In 1915, the U.S. Congress approved an Alaska land grant legislation that reserved about 2,250 acres of land for a campus around the research station. It also allowed the federal government to give the college revenue land that had been surveyed and unclaimed in the Tanana Valley; the proceeds from the sale and development were supposed to help fund the operation of the college. However, as most of the land in Tanana Valley remained unsurveyed for years, the college only received 12,000 acres. In 1929, Congress attempted to remedy the situation by granting the college an additional 100,000 acres anywhere in Alaska, but those rights were extinguished in 1959 when Alaska became a state.[3]

In 1917, on a bluff above the Chena River, a cornerstone for the college was laid by Territorial Delegate James Wickersham. The site soon became known as College Hill. Charles E. Bunnell was appointed the university’s chief executive and served the university for 28 years. The new institution had its first opening day on September 18, 1922 and offered sixteen different courses to a student body of six (at a ratio of one faculty member per student). In 1923, the first commencement produced one graduate, John Sexton Shanly.[4]

In 1935, the Alaska legislature passed a bill that officially changed the name of the college from the Alaska Agricultural College and School of Mines (A.A.C. & S.M.) to the University of Alaska. When William R. Wood became the university’s president in 1960, he divided the academic departments of the university into six select colleges: Arts and Letters; Behavioral Sciences and Education; Biological Sciences and Renewable Resources; Business, Economics, and Government; Earth Sciences and Mineral Industry; and Mathematics, Physical Sciences, and Engineering. From that point on, the both the university’s student population and research mission grew tremendously. Then, with the appointment of Chancellor Cutler in 1975, the University of Alaska became the University of Alaska Fairbanks; it was, and still is, the primary research unit of the statewide university system.[5]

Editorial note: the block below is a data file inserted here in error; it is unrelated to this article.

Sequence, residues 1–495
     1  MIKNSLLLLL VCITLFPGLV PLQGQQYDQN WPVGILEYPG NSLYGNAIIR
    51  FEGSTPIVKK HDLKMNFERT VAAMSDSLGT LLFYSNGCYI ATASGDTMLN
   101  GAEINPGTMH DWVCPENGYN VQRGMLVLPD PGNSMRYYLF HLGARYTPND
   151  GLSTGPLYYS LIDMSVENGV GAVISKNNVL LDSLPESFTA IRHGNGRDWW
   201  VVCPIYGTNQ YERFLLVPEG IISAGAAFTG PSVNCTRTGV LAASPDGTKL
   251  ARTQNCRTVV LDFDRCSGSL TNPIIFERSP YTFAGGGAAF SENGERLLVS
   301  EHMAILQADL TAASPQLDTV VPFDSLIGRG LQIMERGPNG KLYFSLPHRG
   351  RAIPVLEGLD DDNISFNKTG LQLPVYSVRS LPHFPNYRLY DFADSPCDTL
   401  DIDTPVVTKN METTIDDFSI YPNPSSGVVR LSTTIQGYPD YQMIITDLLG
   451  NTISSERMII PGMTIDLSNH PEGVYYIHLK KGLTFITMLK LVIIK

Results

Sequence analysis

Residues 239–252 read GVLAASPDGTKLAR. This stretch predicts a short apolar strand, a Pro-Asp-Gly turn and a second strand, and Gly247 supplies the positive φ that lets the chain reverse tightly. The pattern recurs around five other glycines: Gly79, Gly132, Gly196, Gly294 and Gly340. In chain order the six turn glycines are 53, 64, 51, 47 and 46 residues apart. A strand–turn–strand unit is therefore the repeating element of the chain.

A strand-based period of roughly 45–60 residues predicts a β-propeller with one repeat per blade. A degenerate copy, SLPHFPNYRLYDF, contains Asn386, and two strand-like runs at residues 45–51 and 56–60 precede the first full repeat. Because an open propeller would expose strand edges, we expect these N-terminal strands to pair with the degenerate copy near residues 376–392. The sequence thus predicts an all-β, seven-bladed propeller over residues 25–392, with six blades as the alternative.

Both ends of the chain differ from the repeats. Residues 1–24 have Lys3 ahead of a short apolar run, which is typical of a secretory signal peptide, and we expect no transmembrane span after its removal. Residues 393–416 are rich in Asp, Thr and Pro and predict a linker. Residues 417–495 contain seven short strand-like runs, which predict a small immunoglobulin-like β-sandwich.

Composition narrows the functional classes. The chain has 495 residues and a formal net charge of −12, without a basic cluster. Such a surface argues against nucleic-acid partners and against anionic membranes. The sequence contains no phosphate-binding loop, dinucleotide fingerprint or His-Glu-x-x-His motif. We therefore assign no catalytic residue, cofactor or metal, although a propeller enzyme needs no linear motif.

The two other primary UA institutions are the University of Alaska Anchorage and the University of Alaska Southeast in Juneau.

Significant events[edit]

The Alaska Constitutional Convention was held in the freshly constructed Student Union Building on the Fairbanks campus from November 1955 to February 1956. While the convention progressed, the building became known as Constitution Hall, where the fifty-five delegates drafted the legal foundation of the 49th state. The campus’ old library and gymnasium was renamed Signers’ Hall after the Alaska Constitution was signed there in February 1956.[6]

Academics[edit]

University rankings
National
Forbes[8] 326[7]
U.S. News & World Report[9] NR
Washington Monthly[10] 204
Global

Schools and colleges[edit]

UAF has nine academic schools and colleges:

  • College of Engineering and Mines
  • College of Liberal Arts
  • College of Natural Science and Mathematics
  • College of Rural and Community Development
  • School of Education
  • School of Fisheries and Ocean Sciences
  • School of Management
  • School of Natural Resources and Agricultural Sciences
  • Graduate School

Students can choose from more than 160 degrees and 31 certificates in more than 120 disciplines.

Libraries[edit]

  • Elmer E. Rasmuson Library